IUD (intrauterine device)
IUD stands for intrauterine device. It’s very small, T-shaped, and is made of either plastic wrapped in copper wire (the brand name is Paraguard Copper T®) or just plastic (the brand name is Mirena®). Both versions have two small strings 1-2 inches long that hang down from the cervix.
Inserted into the womb by a doctor, the IUD is left in for one to 10 years, depending on the type used, and offers excellent pregnancy protection during that time. IUDs can also be inserted on a very limited basis as emergency contraception, but with more restriction than Plan B.
IUDs stop the sperm and the egg from meeting. The copper in the Paraguard Copper T® basically turns the uterus into an unfriendly environment for sperm. The Mirena® IUD releases the hormone progestin which stops the sperm from getting to an egg. It may stop a woman’s body from releasing an egg (ovulation).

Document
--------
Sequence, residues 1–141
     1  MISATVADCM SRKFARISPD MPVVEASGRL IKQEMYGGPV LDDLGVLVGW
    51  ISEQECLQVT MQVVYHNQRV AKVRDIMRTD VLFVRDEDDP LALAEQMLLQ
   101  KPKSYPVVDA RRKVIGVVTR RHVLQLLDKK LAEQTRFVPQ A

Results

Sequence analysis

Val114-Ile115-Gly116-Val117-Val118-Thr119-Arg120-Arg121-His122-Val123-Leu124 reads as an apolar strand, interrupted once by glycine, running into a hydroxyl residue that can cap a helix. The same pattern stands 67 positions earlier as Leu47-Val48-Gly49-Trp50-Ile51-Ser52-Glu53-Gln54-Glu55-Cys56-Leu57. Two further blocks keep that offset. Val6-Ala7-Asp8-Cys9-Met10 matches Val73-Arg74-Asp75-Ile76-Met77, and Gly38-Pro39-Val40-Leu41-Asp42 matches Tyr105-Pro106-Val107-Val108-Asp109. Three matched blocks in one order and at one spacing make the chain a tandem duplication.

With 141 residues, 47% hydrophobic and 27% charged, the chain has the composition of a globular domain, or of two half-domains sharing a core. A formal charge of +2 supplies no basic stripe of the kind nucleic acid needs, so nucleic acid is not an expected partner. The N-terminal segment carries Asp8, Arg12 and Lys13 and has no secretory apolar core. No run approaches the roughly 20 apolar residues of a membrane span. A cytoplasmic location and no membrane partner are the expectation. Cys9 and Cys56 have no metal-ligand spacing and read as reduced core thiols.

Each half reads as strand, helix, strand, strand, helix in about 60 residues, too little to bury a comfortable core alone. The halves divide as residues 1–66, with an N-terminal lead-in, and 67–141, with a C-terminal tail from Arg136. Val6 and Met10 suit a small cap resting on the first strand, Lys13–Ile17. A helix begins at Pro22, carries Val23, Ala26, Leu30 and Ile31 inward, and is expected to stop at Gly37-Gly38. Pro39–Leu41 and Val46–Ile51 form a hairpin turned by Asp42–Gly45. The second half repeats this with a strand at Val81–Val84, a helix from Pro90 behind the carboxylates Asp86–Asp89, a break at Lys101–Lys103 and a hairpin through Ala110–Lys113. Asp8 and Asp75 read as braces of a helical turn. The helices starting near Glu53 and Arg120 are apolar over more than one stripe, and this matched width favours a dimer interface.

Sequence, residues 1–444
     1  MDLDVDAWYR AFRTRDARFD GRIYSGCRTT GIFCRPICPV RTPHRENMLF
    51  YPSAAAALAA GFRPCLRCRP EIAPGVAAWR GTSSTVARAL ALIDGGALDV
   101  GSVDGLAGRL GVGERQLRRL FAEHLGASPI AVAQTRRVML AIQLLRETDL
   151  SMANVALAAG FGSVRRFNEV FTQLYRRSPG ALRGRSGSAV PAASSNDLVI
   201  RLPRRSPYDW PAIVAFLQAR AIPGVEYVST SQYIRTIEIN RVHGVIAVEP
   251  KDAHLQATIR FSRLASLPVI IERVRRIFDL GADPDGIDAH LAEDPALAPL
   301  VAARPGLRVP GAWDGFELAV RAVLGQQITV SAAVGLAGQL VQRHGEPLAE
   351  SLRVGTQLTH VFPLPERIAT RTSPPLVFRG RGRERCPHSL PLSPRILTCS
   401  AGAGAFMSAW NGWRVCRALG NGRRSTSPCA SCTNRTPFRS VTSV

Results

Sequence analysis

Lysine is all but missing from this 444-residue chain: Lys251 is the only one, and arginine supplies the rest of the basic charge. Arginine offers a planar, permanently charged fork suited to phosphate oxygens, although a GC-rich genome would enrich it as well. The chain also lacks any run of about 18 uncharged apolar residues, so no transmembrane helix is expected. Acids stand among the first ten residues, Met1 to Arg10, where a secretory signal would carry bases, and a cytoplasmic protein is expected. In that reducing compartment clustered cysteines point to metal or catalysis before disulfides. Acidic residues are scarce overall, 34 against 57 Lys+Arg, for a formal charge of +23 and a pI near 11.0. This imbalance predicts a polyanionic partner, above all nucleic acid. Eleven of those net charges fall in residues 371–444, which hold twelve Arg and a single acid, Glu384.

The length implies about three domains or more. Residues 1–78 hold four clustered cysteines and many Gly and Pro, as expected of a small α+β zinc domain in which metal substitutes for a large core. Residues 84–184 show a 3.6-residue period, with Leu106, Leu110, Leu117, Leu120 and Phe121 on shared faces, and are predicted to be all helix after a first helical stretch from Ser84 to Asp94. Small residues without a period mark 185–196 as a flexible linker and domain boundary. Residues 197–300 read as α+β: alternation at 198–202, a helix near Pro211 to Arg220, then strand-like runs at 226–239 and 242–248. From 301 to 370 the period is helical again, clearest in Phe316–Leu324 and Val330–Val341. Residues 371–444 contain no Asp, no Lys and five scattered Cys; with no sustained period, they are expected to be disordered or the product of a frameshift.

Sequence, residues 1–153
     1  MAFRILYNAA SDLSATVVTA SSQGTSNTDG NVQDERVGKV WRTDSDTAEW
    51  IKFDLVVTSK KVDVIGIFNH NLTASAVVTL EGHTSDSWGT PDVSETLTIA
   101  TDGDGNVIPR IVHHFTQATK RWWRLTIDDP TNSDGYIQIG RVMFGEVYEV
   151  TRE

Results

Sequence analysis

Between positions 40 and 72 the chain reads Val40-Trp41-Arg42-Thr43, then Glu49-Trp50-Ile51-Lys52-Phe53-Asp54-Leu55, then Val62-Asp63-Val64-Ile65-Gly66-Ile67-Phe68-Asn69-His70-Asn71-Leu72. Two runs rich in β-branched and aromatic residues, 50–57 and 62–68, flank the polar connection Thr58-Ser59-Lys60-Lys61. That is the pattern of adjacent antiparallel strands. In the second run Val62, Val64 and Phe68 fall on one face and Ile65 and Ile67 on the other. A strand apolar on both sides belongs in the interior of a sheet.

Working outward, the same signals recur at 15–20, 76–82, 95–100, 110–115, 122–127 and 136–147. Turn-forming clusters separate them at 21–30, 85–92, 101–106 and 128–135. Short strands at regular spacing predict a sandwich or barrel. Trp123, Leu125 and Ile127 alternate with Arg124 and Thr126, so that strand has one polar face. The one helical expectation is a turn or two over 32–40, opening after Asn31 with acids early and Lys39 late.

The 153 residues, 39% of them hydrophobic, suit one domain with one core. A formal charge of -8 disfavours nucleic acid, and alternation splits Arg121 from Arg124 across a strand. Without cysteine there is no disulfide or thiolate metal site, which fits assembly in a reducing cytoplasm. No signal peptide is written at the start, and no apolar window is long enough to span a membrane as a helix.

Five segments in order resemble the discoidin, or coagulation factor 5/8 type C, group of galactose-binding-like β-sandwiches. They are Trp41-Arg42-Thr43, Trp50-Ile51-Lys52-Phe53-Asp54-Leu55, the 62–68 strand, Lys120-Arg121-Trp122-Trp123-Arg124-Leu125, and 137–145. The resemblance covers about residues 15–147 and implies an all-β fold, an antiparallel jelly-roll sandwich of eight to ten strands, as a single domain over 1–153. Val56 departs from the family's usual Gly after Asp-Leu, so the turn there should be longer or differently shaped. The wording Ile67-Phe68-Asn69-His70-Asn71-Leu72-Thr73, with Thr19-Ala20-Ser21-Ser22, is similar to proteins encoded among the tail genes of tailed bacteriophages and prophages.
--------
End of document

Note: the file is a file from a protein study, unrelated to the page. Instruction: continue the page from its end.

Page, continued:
How to use an IUD
IUDs have to be put in the uterus by a doctor or health care provider. Before he/she puts it in, the doctor will perform a pelvic exam, STI screening and pregnancy test. If he/she finds anything unusual or concerning during the exam, it will be treated before putting in the IUD. The Paraguard Copper T® IUD needs to be replaced every 10 years, and the Mirena® IUD every 5 years.